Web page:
reference : Developmental origins of health and disease: Integrating environmental influences

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reftype Journal Article
Abstract There are now robust data supporting the Developmental Origins of Health and Disease (DOHaD) paradigm. This includes human and animal data focusing on nutrition or environmental chemicals during development. However, the term DOHaD has not been generally accepted as the official term to be used when one is concerned with understanding the pathophysiological basis for how environmental influences acting during early development influence the risk of later noncommunicable diseases. Similarly, there is no global research or public health program built around the DOHaD paradigm that encompasses all aspects of environment. To better inform the global health efforts aimed at addressing the growing epidemic of chronic noncommunicable diseases of environmental origin, we propose a two-pronged approach: first, to make it clear that the current concept of DOHaD comprehensively includes a range of environmental factors and their relevance to disease occurrence not just throughout the life span but potentially across several generations; and second, to initiate the discussion of how adoption of DOHaD can promote a more realistic, accurate, and integrative approach to understanding environmental disruption of developmental programming and better inform clinical and policy interventions. (Endocrinology 156: 3416–3421, 2015)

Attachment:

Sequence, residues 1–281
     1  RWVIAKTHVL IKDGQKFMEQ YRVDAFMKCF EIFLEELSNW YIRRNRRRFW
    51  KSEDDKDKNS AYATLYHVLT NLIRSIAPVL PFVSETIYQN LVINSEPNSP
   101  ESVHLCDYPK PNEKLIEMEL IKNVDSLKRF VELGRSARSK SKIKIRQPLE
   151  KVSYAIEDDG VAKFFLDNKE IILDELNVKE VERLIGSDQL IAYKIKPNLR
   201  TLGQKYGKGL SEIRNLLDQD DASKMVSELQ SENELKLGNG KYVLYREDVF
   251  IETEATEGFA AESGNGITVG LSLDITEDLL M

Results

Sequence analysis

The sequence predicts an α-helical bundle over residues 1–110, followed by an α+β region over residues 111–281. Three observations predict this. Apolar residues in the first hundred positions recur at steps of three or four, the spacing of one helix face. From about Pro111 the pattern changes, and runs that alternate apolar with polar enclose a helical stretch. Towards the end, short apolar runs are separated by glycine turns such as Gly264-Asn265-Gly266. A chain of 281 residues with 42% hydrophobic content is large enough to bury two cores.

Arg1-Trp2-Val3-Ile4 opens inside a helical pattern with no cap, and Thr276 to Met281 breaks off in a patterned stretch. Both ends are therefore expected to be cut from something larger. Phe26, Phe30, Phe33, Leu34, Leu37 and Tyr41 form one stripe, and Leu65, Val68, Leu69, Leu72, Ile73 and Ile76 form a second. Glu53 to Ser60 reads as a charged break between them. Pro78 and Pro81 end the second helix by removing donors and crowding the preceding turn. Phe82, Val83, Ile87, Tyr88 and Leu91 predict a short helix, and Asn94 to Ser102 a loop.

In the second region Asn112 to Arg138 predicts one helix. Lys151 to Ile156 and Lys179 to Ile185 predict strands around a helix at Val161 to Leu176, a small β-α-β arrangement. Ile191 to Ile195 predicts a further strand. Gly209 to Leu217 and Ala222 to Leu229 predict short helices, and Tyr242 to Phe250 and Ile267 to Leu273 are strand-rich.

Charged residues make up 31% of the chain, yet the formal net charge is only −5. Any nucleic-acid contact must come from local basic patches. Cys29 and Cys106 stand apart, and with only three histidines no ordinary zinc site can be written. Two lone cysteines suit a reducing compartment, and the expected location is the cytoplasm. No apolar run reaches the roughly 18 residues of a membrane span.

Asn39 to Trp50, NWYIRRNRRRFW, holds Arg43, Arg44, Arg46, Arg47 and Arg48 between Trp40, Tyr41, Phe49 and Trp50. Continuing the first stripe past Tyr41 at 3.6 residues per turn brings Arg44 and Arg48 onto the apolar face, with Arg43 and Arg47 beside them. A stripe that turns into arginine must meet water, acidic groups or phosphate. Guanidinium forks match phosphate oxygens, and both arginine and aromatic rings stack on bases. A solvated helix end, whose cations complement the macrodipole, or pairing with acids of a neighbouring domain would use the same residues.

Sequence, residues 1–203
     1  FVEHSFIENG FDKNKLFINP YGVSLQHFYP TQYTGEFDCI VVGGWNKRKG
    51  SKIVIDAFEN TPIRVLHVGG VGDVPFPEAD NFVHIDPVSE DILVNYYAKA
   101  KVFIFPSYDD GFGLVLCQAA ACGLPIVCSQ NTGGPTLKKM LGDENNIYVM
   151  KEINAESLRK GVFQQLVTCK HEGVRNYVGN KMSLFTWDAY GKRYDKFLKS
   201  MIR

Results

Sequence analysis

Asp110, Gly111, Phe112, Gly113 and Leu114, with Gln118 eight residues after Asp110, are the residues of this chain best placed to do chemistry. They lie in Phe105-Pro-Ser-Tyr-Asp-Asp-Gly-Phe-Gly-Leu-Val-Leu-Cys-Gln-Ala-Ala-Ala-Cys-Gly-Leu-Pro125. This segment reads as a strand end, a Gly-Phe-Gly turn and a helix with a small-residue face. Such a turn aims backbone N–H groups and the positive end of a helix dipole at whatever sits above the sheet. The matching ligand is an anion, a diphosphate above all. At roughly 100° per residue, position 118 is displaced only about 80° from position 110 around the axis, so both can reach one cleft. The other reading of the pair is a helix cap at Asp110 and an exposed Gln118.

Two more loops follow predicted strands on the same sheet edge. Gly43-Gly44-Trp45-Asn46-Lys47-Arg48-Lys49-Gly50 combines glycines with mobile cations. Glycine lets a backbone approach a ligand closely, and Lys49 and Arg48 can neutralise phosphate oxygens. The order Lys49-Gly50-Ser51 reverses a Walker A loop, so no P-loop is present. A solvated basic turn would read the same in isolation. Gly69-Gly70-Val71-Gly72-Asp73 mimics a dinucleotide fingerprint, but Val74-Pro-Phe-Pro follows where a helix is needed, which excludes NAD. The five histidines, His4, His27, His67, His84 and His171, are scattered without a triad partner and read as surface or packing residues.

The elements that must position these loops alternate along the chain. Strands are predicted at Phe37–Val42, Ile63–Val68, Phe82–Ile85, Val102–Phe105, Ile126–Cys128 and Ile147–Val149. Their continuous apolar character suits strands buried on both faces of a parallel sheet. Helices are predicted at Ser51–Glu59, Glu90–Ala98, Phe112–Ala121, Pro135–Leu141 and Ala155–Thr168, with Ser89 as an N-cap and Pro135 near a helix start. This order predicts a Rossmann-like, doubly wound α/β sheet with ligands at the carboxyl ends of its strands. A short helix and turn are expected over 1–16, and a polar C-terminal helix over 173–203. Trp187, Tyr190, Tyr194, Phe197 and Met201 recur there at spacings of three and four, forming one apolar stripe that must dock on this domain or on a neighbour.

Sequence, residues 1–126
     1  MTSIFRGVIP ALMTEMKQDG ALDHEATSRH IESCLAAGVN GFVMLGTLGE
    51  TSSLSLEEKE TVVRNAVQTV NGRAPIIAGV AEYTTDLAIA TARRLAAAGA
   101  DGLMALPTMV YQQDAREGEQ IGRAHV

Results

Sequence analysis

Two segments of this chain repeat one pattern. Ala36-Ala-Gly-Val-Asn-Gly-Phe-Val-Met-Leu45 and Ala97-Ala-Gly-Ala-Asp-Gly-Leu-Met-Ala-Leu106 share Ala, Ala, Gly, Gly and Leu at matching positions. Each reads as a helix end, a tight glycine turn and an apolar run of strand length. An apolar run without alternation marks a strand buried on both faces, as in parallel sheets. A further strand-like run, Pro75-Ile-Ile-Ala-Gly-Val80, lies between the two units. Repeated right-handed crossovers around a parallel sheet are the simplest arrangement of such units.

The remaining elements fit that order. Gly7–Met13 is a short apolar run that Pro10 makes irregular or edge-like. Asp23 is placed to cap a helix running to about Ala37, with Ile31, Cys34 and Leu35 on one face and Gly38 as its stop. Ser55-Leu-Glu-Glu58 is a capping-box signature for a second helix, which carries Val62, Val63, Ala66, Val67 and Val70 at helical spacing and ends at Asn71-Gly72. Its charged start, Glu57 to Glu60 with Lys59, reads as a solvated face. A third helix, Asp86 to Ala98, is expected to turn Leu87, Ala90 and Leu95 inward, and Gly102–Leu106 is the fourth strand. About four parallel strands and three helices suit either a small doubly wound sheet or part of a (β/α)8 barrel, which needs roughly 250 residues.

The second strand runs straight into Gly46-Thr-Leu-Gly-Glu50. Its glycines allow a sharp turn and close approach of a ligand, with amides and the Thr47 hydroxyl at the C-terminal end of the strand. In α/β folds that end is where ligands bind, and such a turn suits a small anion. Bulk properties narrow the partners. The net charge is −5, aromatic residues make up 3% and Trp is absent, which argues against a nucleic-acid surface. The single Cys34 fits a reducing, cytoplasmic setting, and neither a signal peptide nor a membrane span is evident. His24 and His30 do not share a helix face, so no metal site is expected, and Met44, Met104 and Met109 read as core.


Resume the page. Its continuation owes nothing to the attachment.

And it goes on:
Author Heindel, Jerrold J.; Balbus, John; Birnbaum, Linda; Brune-Drisse, Marie Noel; Grandjean, Philippe; Gray, Kimberly; Landrigan, Philip J.; Sly, Peter D.; Suk, William; Slechta, Deborah Cory; Thompson, Claudia; Hanson, Mark
DOI 10.1210/en.2015-1394
ISSN 0013-7227
Issue 1
Journal Endocrinology
Notes 10.1210/en.2015-1394
Pages 17-22
Title Developmental origins of health and disease: Integrating environmental influences
Volume 2016
Year 2016
Bibliographic identifiers
_record_number 24661
_uuid 4b9407d7-630f-4232-9114-99e0fb519812